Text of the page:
“ECT is a procedure that safely sends electrical currents into the brain which produce a seizure while the patient is unconscious via general anesthesia,” a press release said. “The seizure that ensues is believed to lead to therapeutic effects of ECT and has a response rate of 75 to 90 percent in the most severe medication-resistant cases of depressive states.”
While ECT is used to treat a variety of mental illnesses, including depressive episodes of schizoaffective disorder, severe mania and catatonia (lack of movement and speech), it is most commonly used to treat severe depression that does not respond to other forms of treatment. ECT for depression often requires an average of eight to 12 treatments, two to three times per week, for optimal results. And there is no pain involved, as patients are under general anesthesia.
Contrary to popular belief, ECT is safe and effective, the hospital said.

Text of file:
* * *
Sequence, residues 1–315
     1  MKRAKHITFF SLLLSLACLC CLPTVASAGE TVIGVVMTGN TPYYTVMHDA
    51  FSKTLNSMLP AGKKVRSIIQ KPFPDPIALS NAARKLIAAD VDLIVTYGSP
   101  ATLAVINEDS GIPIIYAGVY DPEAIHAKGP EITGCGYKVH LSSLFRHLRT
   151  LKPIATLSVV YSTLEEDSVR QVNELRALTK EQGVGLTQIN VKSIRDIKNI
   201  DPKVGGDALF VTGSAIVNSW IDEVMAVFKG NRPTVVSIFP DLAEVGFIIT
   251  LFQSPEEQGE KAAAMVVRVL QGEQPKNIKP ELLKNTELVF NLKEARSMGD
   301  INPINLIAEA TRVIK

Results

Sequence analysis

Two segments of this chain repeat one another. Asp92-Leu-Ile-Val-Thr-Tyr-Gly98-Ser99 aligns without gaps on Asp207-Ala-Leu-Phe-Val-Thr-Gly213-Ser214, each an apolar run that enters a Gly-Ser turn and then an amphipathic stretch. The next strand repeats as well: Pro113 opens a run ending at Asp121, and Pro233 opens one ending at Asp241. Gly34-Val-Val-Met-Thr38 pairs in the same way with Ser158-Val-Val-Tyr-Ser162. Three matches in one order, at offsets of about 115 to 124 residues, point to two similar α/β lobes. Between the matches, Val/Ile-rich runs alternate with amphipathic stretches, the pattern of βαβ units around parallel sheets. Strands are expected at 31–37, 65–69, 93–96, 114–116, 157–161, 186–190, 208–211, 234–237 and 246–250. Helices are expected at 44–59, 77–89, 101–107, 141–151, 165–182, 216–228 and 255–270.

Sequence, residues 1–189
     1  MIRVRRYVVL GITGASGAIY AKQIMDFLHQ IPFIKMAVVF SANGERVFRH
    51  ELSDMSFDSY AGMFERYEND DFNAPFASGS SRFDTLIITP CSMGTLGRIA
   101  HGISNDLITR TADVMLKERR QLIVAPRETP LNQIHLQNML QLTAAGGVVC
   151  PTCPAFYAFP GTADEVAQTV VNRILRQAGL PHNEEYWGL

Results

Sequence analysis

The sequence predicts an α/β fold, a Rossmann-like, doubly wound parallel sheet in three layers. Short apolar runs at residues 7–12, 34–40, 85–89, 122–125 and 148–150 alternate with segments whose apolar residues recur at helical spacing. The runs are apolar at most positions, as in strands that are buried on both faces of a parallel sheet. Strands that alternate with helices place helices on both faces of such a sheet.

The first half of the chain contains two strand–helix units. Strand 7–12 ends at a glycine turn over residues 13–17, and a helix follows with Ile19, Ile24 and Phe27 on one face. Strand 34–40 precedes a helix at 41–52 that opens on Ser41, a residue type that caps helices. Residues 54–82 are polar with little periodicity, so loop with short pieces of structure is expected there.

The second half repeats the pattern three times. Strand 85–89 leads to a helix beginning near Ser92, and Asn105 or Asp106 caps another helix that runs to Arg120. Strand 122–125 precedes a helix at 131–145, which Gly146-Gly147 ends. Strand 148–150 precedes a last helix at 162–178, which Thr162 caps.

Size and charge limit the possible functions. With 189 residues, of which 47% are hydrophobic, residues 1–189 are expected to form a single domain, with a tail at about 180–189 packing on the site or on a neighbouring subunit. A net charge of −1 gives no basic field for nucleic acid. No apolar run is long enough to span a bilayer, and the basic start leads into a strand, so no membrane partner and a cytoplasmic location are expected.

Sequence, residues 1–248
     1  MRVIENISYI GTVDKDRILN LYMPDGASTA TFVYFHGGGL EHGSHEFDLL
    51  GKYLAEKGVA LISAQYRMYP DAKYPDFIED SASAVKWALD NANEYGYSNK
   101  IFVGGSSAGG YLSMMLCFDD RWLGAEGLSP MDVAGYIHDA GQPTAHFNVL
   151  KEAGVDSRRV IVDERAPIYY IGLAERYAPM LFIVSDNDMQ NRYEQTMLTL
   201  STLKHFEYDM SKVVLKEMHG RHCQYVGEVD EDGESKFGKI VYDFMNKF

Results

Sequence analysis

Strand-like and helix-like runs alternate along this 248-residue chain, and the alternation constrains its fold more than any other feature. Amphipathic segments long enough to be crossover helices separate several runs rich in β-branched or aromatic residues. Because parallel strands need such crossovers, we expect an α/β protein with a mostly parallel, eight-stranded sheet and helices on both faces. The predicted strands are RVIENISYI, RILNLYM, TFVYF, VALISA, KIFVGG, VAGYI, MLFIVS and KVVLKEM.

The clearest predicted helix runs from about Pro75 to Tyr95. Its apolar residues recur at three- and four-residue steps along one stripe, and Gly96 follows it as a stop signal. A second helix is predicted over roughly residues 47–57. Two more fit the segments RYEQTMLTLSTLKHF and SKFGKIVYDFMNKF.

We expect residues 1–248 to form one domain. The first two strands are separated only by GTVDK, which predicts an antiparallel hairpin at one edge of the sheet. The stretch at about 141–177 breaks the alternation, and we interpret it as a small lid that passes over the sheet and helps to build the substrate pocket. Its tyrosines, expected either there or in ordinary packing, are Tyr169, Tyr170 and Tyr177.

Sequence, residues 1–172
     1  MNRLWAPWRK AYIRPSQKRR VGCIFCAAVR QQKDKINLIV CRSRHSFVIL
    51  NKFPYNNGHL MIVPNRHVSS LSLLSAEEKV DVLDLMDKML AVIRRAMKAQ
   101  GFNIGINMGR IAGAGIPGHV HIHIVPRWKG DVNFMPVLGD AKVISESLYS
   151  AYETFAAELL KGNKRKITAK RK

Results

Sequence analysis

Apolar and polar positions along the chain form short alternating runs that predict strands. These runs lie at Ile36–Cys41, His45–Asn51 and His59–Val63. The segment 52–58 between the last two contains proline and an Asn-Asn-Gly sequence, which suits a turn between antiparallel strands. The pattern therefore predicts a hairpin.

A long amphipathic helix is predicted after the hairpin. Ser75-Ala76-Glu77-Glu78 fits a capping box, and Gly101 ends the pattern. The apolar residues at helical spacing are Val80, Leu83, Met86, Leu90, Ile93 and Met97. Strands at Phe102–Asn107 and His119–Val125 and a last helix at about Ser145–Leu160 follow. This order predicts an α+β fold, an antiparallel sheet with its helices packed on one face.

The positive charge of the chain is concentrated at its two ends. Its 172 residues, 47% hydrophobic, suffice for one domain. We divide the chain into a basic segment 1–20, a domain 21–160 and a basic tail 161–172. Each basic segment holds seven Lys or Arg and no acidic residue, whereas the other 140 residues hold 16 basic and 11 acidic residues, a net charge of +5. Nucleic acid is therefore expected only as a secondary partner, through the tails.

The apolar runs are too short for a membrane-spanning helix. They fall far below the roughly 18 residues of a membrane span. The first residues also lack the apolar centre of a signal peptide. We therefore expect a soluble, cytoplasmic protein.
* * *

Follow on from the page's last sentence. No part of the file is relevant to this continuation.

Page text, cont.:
“It’s safer than childbirth,” said Dr. Jha. “When ECT is available and can be done in a hospital setting with nearby emergency treatment if needed; it is incredibly safe. ECT is successful when patients can carry on with their normal lives without depressive symptoms that did not respond to other forms of treatment.”
Patients who are ideal candidates for the ECT procedure at Firelands Regional Medical Center can expect a short, relatively simple hospital stay. The entire procedure, including recovery time, lasts approximately two to three hours. Many patients are able to function normally within one to two days.
“Patients are given both general anesthesia and a muscle relaxant, which reduces risk of injury during the seizure,” said Dr. Jha. “The actual procedure only lasts five to 10 minutes, after which the patient begins the recovery process, which can last 30 to 45 minutes.”
To earn certification, Dr. Jha performed as many as 45 ECT procedures per week at Duke University. He chose to work with Dr. Weiner because of his heavy involvement in the development of newer, safer and more effective types of ECT. Dr. Weiner directs the Duke ECT Program, and has authored over 150 publications on the ECT procedure.
For more information about Dr. Jha and the ECT procedure, call 419-557-6787.